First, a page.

Medication Guide About Using Antidepressants in Teenagers
What is the most important information I should know if my student
is being prescribed an antidepressant?
Parents need to think about 4 important things when their student is prescribed an antidepressant: 1. There is a risk of suicidal thoughts or actions 2. How to try to prevent suicidal thoughts or actions in your student 3. You should watch for certain signs if your student is taking an antidepressant 4. There are benefits and risks when using antidepressants 1. There is a Risk of Suicidal Thoughts
or Actions
Teenagers sometimes think about suicide, and many report trying to kill themselves. Antidepressants
increase suicidal thoughts and actions in some teenagers. But suicidal
thoughts and actions can also be caused by depression, a serious medical condition that is commonly
treated with antidepressants. Thinking about killing yourself or trying to kill yourself is called suicidality or being suicidal.
A large study combined the results of 24 different studies of children and teenagers with depression or other illnesses. In these studies, patients took either a placebo (sugar pill) or an antidepressant for 1 to 4
months. No one committed suicide in these studies, but some patients became suicidal. On sugar
pills, 2 out of every 100 became suicidal. On the antidepressants, 4 out of every 100 patients became suicidal.
For some teenagers, the risks of suicidal actions may be especially high. These include patients
• Bipolar illness (sometimes called manic-depressive illness)• A family history of bipolar illness • A personal or family history of attempting suicide If any of these are present, make sure you tell your healthcare provider before
your student takes an antidepressant.
2. How to Try to Prevent Suicidal Thoughts and Actions
To try to prevent suicidal thoughts and actions in your student, pay close attention to changes in her or his moods or actions, especially if the changes occur suddenly. Other important people in your student's life can help by paying attention as well (e.g., siblings, roommates, friends, and other important people). The changes to look out for are listed in Section 3. Whenever an antidepressant is started or its dose is changed, pay close attention to your student.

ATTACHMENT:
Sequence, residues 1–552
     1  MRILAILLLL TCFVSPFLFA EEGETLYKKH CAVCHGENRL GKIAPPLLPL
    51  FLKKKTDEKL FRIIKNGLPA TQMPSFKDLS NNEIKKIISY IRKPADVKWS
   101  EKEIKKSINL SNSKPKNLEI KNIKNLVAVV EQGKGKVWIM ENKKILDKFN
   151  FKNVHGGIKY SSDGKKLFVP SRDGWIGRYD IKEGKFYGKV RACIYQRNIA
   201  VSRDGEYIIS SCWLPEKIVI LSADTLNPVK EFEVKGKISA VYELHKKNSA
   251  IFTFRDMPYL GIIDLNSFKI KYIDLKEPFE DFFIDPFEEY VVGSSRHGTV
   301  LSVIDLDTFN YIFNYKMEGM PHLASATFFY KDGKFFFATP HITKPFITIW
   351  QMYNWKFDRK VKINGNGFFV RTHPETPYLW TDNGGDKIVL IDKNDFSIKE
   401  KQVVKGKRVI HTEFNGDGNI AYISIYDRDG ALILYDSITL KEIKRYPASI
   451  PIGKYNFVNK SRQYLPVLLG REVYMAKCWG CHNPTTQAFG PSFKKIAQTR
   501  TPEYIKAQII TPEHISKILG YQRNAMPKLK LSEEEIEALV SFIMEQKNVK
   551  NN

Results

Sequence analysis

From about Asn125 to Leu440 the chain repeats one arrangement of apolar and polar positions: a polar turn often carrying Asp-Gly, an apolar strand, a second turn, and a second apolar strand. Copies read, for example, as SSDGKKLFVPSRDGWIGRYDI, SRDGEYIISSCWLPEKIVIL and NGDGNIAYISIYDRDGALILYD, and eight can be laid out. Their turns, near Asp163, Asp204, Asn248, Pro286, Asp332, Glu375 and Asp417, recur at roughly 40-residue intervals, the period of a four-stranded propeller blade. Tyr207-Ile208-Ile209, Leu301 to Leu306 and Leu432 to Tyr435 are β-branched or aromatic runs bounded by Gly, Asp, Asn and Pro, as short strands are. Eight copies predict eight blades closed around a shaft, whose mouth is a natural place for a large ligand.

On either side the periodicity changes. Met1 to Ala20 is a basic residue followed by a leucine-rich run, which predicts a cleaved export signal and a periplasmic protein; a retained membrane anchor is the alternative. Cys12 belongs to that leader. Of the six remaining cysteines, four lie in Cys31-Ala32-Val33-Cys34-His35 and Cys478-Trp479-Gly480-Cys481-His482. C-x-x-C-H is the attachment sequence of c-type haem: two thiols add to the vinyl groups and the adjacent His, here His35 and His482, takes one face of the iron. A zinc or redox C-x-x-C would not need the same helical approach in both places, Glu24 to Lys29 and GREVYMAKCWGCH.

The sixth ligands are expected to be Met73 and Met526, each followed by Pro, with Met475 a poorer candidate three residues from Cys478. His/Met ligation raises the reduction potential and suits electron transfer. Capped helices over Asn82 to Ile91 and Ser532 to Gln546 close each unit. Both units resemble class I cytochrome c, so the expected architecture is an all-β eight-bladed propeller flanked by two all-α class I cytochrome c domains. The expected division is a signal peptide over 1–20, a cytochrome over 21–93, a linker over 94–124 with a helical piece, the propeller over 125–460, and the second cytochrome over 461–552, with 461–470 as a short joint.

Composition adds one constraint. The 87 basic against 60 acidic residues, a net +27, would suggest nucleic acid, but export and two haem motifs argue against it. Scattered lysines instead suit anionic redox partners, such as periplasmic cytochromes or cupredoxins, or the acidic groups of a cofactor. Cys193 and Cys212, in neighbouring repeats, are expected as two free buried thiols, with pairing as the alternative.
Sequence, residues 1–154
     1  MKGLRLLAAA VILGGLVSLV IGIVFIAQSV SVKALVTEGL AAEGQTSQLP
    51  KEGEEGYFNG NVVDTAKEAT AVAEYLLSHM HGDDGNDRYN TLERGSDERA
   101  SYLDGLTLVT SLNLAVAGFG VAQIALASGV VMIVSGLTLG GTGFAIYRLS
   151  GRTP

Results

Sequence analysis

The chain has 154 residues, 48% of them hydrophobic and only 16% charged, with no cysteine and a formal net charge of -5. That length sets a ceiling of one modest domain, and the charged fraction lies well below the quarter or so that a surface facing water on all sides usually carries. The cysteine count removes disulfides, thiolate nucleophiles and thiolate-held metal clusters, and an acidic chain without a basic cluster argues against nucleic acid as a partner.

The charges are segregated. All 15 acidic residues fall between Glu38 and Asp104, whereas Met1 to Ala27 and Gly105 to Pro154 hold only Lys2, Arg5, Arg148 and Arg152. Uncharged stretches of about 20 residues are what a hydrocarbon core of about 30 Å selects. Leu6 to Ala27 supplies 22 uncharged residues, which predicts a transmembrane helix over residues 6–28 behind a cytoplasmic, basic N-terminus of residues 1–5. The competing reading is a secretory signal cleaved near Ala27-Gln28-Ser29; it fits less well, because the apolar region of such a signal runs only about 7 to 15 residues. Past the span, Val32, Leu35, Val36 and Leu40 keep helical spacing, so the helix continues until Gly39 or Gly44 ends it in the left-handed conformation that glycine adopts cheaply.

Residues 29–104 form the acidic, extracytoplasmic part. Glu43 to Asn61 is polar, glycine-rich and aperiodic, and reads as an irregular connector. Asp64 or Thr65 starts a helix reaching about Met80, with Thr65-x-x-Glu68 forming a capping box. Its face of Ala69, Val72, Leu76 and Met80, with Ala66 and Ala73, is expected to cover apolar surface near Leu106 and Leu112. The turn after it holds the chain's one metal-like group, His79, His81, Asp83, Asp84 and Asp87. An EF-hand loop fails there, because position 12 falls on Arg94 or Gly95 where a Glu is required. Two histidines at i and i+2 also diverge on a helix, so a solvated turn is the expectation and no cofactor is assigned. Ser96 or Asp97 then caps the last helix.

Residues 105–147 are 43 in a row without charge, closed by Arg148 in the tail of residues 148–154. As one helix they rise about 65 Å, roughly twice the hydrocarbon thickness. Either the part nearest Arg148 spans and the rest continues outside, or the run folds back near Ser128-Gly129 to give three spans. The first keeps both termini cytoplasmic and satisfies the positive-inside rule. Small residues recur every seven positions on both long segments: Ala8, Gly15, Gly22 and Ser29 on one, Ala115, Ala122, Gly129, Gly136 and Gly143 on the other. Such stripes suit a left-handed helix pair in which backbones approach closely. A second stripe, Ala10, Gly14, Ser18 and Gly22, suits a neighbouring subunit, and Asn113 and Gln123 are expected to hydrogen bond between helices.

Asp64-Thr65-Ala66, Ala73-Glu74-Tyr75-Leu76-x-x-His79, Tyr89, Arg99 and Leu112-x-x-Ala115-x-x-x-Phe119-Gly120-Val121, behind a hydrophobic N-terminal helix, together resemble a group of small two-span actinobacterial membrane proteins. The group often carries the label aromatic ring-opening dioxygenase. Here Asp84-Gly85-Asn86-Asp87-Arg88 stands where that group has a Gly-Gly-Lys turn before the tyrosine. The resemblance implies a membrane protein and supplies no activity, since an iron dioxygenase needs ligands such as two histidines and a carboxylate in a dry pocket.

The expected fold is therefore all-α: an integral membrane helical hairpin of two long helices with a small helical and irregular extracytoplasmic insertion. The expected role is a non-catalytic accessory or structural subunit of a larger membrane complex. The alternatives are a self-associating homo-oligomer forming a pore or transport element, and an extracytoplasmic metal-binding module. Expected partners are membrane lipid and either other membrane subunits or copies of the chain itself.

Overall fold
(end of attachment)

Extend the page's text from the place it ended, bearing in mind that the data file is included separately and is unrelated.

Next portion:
After starting an antidepressant, your student should generally see his or her healthcare provider: • Every 2 weeks for the next 4 weeks• After taking the antidepressant for 12 weeks • After 12 weeks, follow your healthcare provider's advice about how often to come back• More often if problems or questions arise (see Section 3) Your student should call his/her healthcare provider between visits if needed.
3. You Should Watch for Certain Signs If Your Student is Taking an
Your student should contact his/her healthcare provider right away if he/she exhibits any of the following
signs for the first time, or if they seem worse, or worry you, or him/her: • Thoughts about suicide or dying• Attempts to commit suicide • New or worse depression• New or worse anxiety • Feeling very agitated or restless• Panic attacks• Difficulty sleeping (insomnia) • New or worse irritability• Acting aggressive, being angry, or violent • Acting on dangerous impulses• An extreme increase in activity and talking • Other unusual changes in behavior or mood Never let your student stop taking an antidepressant without first talking to his or her
healthcare provider. Stopping an antidepressant suddenly can cause other symptoms.
4. There are Benefits and Risks When Using Antidepressants
Antidepressants are used to treat depression and other illnesses. Depression and other illnesses can lead to suicide. In some teenagers, treatment with an antidepressant increases suicidal thinking or actions. It is important to discuss all the risks of treating depression and also the risks of not treating it. You and your student should discuss all treatment choices with your healthcare provider, not just the use of antidepressants.
Other side effects can occur with antidepressants.
Of all the antidepressants, only fluoxetine (Prozac) has been FDA approved to treat pediatricdepression. For obsessive compulsive disorder in teenagers, FDA has approved only fluoxetine (Prozac), sertraline (Zoloft), fluvoxamine, and clomipramine (Anafranil) to be of proven benefit to teens.
Your healthcare provider may suggest other antidepressants based on the past experience of your student.
Is this all I need to know if my child is being prescribed an antidepressant?
No. This is a warning about the risk for suicidality. Other side effects can occur with antidepressants. Be sure to ask your healthcare provider to explain all the side effects of the particular drug he or she is prescribing. Also ask about drugs to avoid when taking an antidepressant. Ask your healthcareprovider or pharmacist where to find more information.
For more information, see link to read FDA Guide (Medication Guide: About Using Antidepressants in


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